The Proactive Author: A Closer Look at How to Get More Book Reviews
Part 1: The Power of the Ask
As we discussed in a previous blog post, generating online reviews for your book can be tricky. It’s also very important, as it communicates to consumers the public dialogue your book incites – and any dialogue stirred up by your book is better than no dialogue at all.
Obviously, a page full of negative responses will most likely deter readers, but a few negative reviews mixed in with a larger number of positives (in addition to a few neutrals) is not the end of the world, and in some ways helps to keep the conversation going. In order to understand the importance of reviews as social proof for consumers, as well as the best ways to generate them, we’re going to dive deeper into our previous post, section by section, beginning with one of the easiest techniques – ask, ask, ask! And when that’s all said and done, ask a little bit more.
The Best Ways to Ask for Reviews
- Start with Personal Connections
Off-the-grid authors are constantly in the business of gaining traction and momentum around their brand. Since different authors having various-sized fan bases, a good general place to start is with personal connections. Try sending out emails to your loved ones and friends that include a short message requesting feedback. Don’t forget to provide them with a link to where you would like their review to appear.
Pro-tip 1: Don’t beat around the bush when asking for favors. People tend to appreciate it when you just get straight to the point, as it’s seen as being more sincere.
- Ask Right Away
There’s no benefit in waiting. Use the momentum of a newly released book to your advantage. As people are giving you their initial feedback, make sure to squeeze in a review request. It should almost become second nature to ask in every situation, but do your best to fit it into conversations naturally. A majority of readers already know the importance of reviews to an author’s success, so you don’t have to worry about this technique being “out-of-the-ordinary” or “inappropriate.”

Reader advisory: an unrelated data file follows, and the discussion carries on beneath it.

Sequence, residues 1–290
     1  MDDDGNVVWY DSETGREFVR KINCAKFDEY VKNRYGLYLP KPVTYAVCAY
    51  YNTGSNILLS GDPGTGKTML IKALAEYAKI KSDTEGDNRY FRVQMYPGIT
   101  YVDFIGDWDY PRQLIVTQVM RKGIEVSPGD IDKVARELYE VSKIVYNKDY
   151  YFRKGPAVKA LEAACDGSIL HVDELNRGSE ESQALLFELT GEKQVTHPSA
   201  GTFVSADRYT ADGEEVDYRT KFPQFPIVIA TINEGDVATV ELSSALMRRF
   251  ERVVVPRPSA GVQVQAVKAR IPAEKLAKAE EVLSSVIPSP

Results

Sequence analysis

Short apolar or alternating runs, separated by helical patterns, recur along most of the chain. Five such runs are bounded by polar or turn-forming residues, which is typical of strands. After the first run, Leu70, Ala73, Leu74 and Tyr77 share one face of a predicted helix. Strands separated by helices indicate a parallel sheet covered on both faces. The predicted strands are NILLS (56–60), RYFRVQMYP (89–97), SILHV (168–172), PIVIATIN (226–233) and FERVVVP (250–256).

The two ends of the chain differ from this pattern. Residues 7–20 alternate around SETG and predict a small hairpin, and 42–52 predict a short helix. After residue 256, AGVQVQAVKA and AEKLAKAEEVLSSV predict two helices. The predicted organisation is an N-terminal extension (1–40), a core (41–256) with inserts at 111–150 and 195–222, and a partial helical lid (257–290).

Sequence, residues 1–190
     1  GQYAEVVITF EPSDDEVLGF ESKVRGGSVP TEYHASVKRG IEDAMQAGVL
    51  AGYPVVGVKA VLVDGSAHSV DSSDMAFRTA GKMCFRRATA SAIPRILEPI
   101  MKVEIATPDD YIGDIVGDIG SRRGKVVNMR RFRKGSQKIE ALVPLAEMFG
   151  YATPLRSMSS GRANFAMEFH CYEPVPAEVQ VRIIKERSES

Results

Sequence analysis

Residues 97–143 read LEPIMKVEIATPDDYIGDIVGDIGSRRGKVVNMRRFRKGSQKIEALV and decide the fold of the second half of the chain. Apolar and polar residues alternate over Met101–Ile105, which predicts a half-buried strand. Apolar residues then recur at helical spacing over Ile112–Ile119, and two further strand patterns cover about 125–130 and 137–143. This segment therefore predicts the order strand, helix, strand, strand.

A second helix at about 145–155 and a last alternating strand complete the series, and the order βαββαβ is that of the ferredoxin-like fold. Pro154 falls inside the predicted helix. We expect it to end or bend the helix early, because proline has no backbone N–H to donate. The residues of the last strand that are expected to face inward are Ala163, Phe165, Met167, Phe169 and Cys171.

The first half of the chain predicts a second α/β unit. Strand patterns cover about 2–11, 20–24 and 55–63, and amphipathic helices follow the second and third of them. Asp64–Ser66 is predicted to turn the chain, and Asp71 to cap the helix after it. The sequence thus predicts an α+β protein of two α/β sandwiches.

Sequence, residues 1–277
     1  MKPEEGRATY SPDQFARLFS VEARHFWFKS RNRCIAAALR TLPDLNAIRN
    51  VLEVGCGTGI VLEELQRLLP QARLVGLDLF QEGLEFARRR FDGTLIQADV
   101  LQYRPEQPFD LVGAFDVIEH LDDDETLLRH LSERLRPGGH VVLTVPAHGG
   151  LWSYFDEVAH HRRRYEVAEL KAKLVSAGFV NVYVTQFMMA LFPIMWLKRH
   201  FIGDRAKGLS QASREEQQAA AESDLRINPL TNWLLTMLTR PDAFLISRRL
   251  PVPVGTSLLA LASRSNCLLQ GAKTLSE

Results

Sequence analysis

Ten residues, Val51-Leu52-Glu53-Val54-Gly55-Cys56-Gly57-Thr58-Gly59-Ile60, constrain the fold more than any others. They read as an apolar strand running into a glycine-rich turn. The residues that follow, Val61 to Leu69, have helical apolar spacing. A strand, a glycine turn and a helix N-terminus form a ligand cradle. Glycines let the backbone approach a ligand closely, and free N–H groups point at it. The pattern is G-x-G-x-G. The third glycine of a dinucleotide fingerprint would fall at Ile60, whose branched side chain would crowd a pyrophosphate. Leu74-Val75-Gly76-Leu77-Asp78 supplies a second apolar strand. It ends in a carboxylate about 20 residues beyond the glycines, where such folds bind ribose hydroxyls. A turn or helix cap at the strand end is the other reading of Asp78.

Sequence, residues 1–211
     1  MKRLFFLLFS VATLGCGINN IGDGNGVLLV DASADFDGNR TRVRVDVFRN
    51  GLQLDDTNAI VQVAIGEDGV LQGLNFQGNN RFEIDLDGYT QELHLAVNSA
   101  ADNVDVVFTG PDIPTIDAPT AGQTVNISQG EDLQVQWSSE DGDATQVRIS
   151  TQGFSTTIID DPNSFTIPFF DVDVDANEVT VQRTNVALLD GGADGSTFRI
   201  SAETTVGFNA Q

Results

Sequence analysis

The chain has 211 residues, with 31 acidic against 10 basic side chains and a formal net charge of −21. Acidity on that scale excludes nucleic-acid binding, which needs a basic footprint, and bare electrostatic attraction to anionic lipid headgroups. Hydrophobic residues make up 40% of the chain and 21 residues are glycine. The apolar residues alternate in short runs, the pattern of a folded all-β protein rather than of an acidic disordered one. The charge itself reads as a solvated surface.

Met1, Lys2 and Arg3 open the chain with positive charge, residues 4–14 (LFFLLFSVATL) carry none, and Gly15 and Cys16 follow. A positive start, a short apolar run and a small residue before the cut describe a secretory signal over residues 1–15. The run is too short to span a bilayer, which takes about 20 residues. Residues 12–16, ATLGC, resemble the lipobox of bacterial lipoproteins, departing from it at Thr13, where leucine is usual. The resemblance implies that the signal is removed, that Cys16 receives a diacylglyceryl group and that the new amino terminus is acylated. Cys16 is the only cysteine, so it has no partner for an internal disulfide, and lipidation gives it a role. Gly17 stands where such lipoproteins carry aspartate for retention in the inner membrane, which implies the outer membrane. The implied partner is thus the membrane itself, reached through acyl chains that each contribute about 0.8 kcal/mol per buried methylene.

- Engage Casual Compliments
When a compliment about your book is thrown your way while you are in conversation, it’s definitely ok to thank the person and ask if they wouldn’t mind posting the compliment to your review page. Make them feel like a big part of your book’s success – because it’s true! Capturing these positive reviews makes a huge difference and can really shape your review page.
- Be Transparent
As touched on above, readers know how important it is to you to have reviews for your book. So you can simply be straightforward when asking for them. No need for tricks or misdirection here. A simple, “I am trying to generate an online presence for my book and really need to get reviews collected online. I would really appreciate your feedback!” is perfectly fine. One thing to remember, though – never try to influence the reader into giving you a positive response. This is considered bad practice and monitored by most review sites.
Pro-tip 2: A good way to filter the positive reviews onto your review page without directly asking for one is to frame the request with something like: “Did you enjoy this read?” or “Have a favorite chapter?” Followed by: “Let us know about it here.” Then, direct them to your review page.
Make sure to stay tuned for the next steps in generating reviews for your book where we will discuss getting the most reviews as possible from your fan base!
— Marquina (@Marquina) October 12, 2016